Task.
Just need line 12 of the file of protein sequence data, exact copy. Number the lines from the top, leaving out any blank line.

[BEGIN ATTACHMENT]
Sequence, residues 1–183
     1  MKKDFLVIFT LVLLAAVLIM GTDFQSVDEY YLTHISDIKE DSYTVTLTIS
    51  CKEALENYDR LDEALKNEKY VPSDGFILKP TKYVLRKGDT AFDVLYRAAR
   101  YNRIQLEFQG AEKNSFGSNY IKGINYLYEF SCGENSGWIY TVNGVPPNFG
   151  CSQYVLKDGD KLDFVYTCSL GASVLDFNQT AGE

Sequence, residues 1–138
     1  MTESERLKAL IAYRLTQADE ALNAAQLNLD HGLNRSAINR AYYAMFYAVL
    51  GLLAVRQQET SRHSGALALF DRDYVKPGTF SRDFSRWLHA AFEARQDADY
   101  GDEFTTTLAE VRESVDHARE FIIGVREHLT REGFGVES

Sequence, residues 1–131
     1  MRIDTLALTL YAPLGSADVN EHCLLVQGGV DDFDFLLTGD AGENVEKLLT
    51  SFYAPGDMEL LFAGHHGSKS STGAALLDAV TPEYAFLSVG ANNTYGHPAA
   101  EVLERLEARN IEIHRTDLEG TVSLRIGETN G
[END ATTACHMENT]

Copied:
    51  SFYAPGDMEL LFAGHHGSKS STGAALLDAV TPEYAFLSVG ANNTYGHPAA